The executive director of DigitalFems joined us for the third #OKFN100, a series of conversations with 100+ people about about the current challenges and paths of action of the open movement.
Many efforts are being obstructed by the lack of IT infrastructure investment, lack of available, accessible datasets and lack of mature data organisation, data management and data governance.
The Council of the European Union today backed a controversial copyright crackdown in a ‘deeply disappointing’ vote that could impact on all internet users. Six countries voted against the proposal which has been opposed by 5million people through a Europe-wide petition – Italy, Luxembourg, Netherlands, Poland, Finland and Sweden. Three more nations abstained, but the […]
MEPs have today voted to press ahead with a controversial copyright crackdown in a ‘massive blow’ for all internet users. Despite a petition with over 5 million signatures and scores of protests across Europe attended by tens of thousands of people, MEPs voted by 348 to 274 in favour of the changes. It is expected […]
Authors: Ana Brandusescu, Carlos Iglesias, Danny Lämmerhirt, Stefaan Verhulst (in alphabetical order) The presence of open data often gets listed as an essential requirement toward “open governance”. For instance, an open data strategy is reviewed as a key component of many action plans submitted to the Open Government Partnership. Yet little time is spent on […]
This blogpost was co-authored by Danny Lämmerhirt, Pierre Chrzanowski and Sander van der Waal (*author note at the bottom) January 22 will mark a crucial moment for the future of open data in Europe. That day, the final trilogue between European Commission, Parliament, and Council is planned to decide over the ratification of the updated PSI Directive. […]
Some weeks ago, the European Commission proposed an update of the PSI Directive**. The PSI Directive regulates the reuse of public sector information (including administrative government data), and has important consequences for the development of Europe’s open data policies. Like every legislative proposal, the PSI Directive proposal is open for public feedback until July 13. […]
TL;DR The European Commission proposed a new PSI Directive, that describes when and how publicly held data can be re-used by anyone (aka open government data). The proposal contains several highly interesting elements: it extends the scope to public undertakings (utilities and transport mostly) and research data, it limits the ways in which government can […]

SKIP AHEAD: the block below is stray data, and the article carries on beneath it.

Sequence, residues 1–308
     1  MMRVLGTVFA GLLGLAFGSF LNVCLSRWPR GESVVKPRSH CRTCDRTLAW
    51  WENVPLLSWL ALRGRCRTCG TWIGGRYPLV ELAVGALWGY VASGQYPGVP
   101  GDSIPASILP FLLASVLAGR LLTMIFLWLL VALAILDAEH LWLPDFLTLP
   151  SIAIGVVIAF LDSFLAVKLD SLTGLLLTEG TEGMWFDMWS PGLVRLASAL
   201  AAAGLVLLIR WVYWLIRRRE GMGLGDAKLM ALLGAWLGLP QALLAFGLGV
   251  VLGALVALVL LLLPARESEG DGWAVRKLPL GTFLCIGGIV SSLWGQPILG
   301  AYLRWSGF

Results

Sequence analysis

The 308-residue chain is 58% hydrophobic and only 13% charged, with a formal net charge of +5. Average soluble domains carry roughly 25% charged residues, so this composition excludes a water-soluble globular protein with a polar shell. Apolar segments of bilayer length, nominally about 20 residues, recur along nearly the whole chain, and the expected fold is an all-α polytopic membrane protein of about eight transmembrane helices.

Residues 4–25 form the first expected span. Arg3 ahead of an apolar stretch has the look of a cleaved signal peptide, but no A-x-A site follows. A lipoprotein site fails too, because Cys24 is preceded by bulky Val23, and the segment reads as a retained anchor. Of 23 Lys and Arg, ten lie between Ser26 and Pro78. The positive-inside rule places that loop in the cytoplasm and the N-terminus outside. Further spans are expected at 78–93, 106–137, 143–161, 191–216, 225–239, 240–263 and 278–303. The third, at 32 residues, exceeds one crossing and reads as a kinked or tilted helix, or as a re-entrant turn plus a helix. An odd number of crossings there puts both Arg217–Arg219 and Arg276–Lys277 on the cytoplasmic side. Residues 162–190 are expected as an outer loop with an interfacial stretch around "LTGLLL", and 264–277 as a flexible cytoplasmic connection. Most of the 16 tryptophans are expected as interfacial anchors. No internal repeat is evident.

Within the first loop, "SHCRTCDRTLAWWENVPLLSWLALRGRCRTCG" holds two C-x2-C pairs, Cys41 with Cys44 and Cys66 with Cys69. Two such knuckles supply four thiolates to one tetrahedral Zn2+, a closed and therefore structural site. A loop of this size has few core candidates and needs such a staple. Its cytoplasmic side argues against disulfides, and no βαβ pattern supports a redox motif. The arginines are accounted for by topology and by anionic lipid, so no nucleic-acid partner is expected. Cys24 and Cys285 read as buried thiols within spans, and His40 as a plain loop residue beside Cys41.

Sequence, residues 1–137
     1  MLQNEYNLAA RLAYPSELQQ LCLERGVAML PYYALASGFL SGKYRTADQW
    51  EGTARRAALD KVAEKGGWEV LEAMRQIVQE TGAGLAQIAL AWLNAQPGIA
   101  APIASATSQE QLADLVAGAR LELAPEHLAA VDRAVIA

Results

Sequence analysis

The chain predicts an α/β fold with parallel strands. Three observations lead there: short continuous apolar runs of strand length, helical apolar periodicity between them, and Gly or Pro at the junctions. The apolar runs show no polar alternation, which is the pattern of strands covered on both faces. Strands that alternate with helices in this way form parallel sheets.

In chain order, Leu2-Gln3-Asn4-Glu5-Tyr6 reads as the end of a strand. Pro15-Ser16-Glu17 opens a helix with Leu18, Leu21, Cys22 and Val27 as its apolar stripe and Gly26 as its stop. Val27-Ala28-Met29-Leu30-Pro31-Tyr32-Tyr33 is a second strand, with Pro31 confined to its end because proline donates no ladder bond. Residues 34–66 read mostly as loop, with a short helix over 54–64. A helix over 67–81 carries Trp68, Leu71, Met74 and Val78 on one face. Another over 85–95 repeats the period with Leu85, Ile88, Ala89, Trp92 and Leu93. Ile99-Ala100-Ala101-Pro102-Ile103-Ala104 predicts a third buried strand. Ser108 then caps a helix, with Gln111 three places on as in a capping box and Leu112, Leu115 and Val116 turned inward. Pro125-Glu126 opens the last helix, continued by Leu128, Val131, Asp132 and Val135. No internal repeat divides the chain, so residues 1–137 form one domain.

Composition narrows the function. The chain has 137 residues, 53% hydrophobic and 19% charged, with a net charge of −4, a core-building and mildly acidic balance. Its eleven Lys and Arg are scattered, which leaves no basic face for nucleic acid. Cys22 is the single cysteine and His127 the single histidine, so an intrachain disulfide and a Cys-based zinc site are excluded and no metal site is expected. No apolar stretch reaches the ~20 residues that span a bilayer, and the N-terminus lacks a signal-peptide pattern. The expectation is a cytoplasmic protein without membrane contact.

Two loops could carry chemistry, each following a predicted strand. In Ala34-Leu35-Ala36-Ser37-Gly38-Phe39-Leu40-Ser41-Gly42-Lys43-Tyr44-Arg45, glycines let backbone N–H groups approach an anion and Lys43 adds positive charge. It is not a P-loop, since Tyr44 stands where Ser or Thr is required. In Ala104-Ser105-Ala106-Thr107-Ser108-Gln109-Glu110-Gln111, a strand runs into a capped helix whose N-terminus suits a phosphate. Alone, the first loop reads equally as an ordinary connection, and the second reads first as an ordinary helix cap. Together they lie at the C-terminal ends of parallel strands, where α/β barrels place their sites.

We are pleased to announce our latest report ‘Avoiding data use silos – How governments can simplify the open licensing landscape’. This report outlines the problems of an ever-growing complexity of open licences, the risk of data use silos, and explains why reusable standard licences, or putting the data in the public domain are the […]
The following is the joint Submission to the UN Secretary General’s Independent Expert Advisory Group on a Data Revolution from the World Wide Web Foundation, Open Knowledge, Fundar and the Open Institute, October 15, 2014. It derives from and builds on the Global Open Data Initiative’s Declaration on Open Data. To the UN Secretary General’s […]
This is a guest blog post by Kristina Olausson, Blog writer and editor for Open Knowledge Sweden. You can see the Swedish version it is based on here. Photo by Socialdemokrater, CC-BY-ND Part of the team of Open Knowledge Sweden, Kristina Olausson and Mattias Axell, visited the annual politicians week – the Almedalen week at […]
This post is from Lucy Chambers, Community Coordinator at the Open Knowledge Foundation. Earlier this month, the UK Government published the ‘Open Data Consultation Paper’. Its aim is to establish a “culture of openness and transparency in public services” and the Government is turning to the general public for their preferences on how this should […]